Monday, December 05, 2022  |


Ring Ratings Update: Bradley catches Khan’s attention


Timothy Bradley’s 12-round unanimous decision over undefeated welterweight fringe contender Carlos Abregu on Saturday caught the eye THE RING magazine’s editorial board, which added him to their 147-pound ratings on Monday.

THE RING installed Bradley, currently the magazine’s No. 1-rated junior welterweight, as its No. 10-rated welterweight contender based on his HBO-televised performance.

Bradley’s fight with Abregu also caught the attention of one of his 140-pound peers, Amir Khan. However, based on what the British beltholder posted on his Twitter page after Bradley’s fight, it’s evident that the once-beaten speed demon is not as impressed with the Palm Springs, Calif., native as THE RING.

“How (did) Bradley do yesterday, and how did he look? (Because) I couldn't be (bothered) watching him,” Khan stated on his Twitter page on Sunday morning while vacationing in Barbados. “(By the way) clever way to avoid the best 140 (pounders) by moving up (in weight).”

Bradley could not be reached by for comment but it’s safe to say that the undefeated titleholder wouldn’t care for Khan’s tweets, especially the part about his trying to avoid the top junior welterweights. Bradley (26-0, 11 knockouts) feels he’s the one who is being avoided by the better-known 140-pound fighters, including Khan.

Perhaps Bradley’s luck is about to change. Khan, THE RING’s No. 3-rated junior welterweight contender, answered Bradley’s challenge to all of his fellow 140-pound young guns in his follow-up tweets.

“I'll fight Tim Bradley. It’s the first time he’s called me out,” tweeted Khan, who is scheduled to travel next week to Las Vegas and will sit ringside for the Juan Manuel Marquez-Juan Diaz rematch on July 31.

Khan, who along with Marquez and Diaz is promoted by Golden Boy Promotions, is expected to face the winner of the lightweight-championship fight sometime in the fall.

However, the native of Bolton, England, who trains with Freddie Roach in Southern California, seems more interested in fighting Bradley.

“I’m going to Vegas and I'll talk to Golden Boy,” Khan tweeted. “I would love the fight (with Bradley). Good style for me. I’m fighting Timothy Bradley next. I’m (going to) tell Golden Boy. Let’s see if (Bradley) wants it for real. Talk is cheap.”

If talk is indeed cheap, tweeting is probably cheaper.

Fans will find out later this year if Khan really wants to tangle with Bradley.

For now, Bradley can be satisfied in the knowledge that his move up in weight had the effect on the boxing world he hoped it would. It turned heads.

“As with a handful of other elite fighters, we have decided to rank Tim Bradley in two weight classes,” said Nigel Collins, Editor-in-Chief of THE RING. “Obviously, his resume at junior welterweight, where he is THE RING’s No. 1 contender, is far more impressive than what he’s done at welterweight, hence his relatively low No. 10 rating at 147 pounds. Should Tim ultimately settle into one of the two divisions, we will drop him from the other, but at this point he deserves to be rated in both.”

In other ratings news, dual bantamweight titleholder Fernando Montiel finally broke into THE RING’s Pound-for-Pound ratings.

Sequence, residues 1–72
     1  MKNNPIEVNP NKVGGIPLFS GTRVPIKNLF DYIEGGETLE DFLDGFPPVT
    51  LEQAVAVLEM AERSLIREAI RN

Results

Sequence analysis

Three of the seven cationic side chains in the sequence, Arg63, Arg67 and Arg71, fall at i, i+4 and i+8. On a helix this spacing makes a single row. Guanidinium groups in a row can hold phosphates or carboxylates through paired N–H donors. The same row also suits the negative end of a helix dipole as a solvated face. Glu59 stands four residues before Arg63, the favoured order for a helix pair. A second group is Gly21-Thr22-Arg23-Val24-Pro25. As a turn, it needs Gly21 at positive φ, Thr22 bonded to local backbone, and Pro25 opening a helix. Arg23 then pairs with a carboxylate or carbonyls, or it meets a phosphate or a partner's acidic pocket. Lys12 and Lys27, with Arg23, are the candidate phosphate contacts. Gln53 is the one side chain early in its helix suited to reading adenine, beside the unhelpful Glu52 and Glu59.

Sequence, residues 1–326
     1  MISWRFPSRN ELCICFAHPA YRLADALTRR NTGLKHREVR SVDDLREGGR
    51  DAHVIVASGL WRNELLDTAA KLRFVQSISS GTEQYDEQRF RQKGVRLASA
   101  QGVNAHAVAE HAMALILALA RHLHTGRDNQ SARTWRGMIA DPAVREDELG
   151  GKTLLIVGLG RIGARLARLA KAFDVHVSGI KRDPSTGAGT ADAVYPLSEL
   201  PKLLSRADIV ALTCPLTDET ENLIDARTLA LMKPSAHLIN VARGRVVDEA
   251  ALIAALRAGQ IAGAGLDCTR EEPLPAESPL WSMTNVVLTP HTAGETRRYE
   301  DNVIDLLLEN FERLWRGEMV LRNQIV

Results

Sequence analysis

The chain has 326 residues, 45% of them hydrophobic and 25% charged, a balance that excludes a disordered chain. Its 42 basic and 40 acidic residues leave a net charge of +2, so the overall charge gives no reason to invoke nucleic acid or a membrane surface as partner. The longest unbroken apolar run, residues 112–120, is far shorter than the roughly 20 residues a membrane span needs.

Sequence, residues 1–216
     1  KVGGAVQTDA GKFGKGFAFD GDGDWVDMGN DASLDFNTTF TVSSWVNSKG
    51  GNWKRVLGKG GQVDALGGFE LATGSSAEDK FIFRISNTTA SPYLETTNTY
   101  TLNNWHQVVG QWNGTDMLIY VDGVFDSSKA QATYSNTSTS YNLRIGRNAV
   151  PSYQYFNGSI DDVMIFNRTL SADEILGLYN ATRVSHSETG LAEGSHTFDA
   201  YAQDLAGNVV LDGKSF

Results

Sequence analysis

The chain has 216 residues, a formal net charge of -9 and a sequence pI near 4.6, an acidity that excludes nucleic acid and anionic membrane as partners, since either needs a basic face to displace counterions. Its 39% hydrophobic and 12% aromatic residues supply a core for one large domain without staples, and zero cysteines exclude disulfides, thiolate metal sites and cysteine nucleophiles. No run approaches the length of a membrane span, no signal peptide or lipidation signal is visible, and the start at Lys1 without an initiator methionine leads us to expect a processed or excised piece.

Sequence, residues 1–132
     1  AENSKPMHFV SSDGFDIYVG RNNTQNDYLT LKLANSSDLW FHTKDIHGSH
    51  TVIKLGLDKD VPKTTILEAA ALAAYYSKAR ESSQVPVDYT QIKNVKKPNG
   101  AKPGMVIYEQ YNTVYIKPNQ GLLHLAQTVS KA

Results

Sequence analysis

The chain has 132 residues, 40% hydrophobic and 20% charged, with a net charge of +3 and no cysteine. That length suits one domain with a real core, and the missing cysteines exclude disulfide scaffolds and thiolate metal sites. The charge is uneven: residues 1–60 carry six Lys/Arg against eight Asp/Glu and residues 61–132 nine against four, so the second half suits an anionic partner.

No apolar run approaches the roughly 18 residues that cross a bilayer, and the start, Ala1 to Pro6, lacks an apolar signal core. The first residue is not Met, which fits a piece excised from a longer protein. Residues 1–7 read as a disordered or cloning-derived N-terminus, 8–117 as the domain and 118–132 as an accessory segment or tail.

Montiel (43-2-2, 33 KOs), who knocked out Rafael Concepcion in the third round on Saturday, replaced former dual junior featherweight titleholder Celestino Caballero in the No. 10 spot.

Montiel, a flashy 31-year-old boxer-puncher from Los Mochis, Mexico who has held titles in three divisions (flyweight, junior bantamweight, and bantamweight), is deserving of his pound-for-pound rating.

The 13¾-year veteran is unbeaten since dropping a split decision to Jhonny Gonzalez in May of 2006 (11 bouts over a span of four years). In that time, he’s defeated RING-rated contenders such as Z Gorres, Martin Castillo and Hozumi Hasegawa. He’s traveled to other countries and defeated quality opponents (Hasegawa and Gorres). He’s blown out experienced fighters who normally go the distance or go many rounds with world-class opposition (Hasegawa, Castillo, Luis Maldonado, Diego Silva and most recently, Concepcion, who went 12 rounds with Nonito Donaire last year). He’s been THE RING’s No. 1-rated junior bantamweight and now he’s the magazine’s No. 1-rated bantamweight.

“While THE RING still considers Celestino Caballero one of the very best fighters in the world, there is no denying that his lack of activity the last few years has hurt,” said Collins. “Montiel, on the other hand, has been very active and is fighting better than at any time during his career.”



Denis Lebedev (No. 7 last week) moves to No. 6 following his impressive second-round knockout of Alexander Alexeev. Lebedev’s advancement pushes down Danny Green (No. 6 last week) to No. 7.


Joachim Alcine (No. 8 last week) exits due to his first-round TKO loss to No. 3 contender Alfredo Angulo. Alcine’s departure elevates Vanes Martirosyan (No. 9 last week) and Sergei Dzinziruk (No. 10 last week) one spot each and makes room for Saul Alvarez to return at No. 10.


Bradley’s victory over Abregu, in his first welterweight bout since he won his first 140-pound title (against Junior Witter in May of 2008), was good enough to earn him the No. 10 position at 147 pounds. Bradley’s inclusion forces out Selcuk Aydin (No. 10 last week).


Montiel has replaced Caballero at No. 10.